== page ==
Mutua Madrid Open 2014 Interviews. Rafael Nadal: “Here I have to win three matches. It's easier that Real Madrid wins the Champions League.” - UBITENNIS
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Mutua Madrid Open 2014 Interviews. Rafael Nadal: “Here I have to win three matches. It's easier that Real Madrid wins the Champions League.”

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TENNIS Mutua Madrid Open 2014 – R. Nadal d. J. Nieminen 6-1, 6-4. An interview with Rafael Nadal.

 

Q. For the quarterfinals match, Tomas Berdych. It’s been a long time since the last time he beat you. In Rome, 2013, 2 0 for you. What are you expecting from him tomorrow? It’s going to be in the morning, so we’ll see.

RAFAEL NADAL: Well, in the morning, I think it’s going to be at 3:00. On the your time, right?

Well, it’s always the same thing: I think that Berdych today played an important match. He beat Dimitrov when he came from playing really well. Dimitrov is also doing very well, and that’s a lot of merit for Berdych.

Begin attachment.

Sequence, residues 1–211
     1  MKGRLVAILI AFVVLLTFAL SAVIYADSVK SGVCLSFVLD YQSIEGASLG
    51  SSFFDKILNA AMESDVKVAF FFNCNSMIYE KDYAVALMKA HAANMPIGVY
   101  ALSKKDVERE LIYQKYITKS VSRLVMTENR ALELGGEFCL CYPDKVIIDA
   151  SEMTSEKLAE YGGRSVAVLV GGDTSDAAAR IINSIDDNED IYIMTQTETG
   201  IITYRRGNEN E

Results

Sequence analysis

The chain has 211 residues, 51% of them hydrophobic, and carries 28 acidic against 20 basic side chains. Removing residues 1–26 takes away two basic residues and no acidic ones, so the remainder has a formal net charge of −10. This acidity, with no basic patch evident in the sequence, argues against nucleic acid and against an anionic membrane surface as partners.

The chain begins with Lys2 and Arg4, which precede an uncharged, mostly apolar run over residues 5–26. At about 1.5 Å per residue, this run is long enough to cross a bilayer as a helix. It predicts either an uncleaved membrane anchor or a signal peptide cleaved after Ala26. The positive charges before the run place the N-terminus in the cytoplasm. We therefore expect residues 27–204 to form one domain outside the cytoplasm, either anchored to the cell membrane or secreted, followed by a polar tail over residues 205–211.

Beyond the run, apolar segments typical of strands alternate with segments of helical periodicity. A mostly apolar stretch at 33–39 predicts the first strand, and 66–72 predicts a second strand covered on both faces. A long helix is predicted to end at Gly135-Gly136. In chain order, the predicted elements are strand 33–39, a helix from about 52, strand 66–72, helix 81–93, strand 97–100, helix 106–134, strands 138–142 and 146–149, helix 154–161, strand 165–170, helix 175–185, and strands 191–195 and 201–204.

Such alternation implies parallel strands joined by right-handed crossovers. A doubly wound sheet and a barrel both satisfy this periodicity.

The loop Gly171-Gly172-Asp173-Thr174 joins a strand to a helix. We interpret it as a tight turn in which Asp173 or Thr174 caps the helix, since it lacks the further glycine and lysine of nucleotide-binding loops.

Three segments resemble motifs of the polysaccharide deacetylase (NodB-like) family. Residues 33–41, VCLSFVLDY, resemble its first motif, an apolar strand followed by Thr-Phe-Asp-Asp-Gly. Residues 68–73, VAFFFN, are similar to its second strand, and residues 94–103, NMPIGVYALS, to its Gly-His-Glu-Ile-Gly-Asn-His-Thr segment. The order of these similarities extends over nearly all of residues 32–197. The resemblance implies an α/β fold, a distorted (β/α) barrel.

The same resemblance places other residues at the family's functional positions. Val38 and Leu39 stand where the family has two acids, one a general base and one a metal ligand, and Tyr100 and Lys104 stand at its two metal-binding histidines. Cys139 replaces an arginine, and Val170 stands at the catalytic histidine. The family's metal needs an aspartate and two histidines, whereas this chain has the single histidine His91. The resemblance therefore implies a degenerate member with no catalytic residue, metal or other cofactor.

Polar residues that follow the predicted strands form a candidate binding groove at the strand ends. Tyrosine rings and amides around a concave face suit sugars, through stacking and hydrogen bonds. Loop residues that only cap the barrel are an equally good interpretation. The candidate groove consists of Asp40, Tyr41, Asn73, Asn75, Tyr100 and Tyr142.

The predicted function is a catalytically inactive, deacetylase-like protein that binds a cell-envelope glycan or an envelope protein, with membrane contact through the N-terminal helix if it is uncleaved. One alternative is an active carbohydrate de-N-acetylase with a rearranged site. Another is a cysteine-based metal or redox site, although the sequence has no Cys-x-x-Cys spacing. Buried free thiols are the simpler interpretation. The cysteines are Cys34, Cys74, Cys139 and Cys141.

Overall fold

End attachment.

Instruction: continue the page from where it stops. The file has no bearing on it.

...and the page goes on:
I saw the first set. I saw a little bit of the second, one but not a lot because I was getting ready. He’s a very dangerous player on every single surface. Here even more with the altitude. The ball flies very fast and the serve is very difficult to break.

My goal is to try to be aggressive. I know that to play against him I don’t have to leave many spaces on the court. If he strikes the ball in comfortable positions I’m nearly dead, because he has a really high ball speed.

And I have to try to see what he does a little bit better. Maybe his movement is not as good. You know, perhaps when I’m good and a little bit stronger than him on that side moving from side to side on the court.

But all the rest, it’s really difficult to stop him if you’re not on your best level. Today I did a good match. During perhaps an hour I played at a really high level. Also, it’s true that after that I didn’t play such a high level. I had something in my head.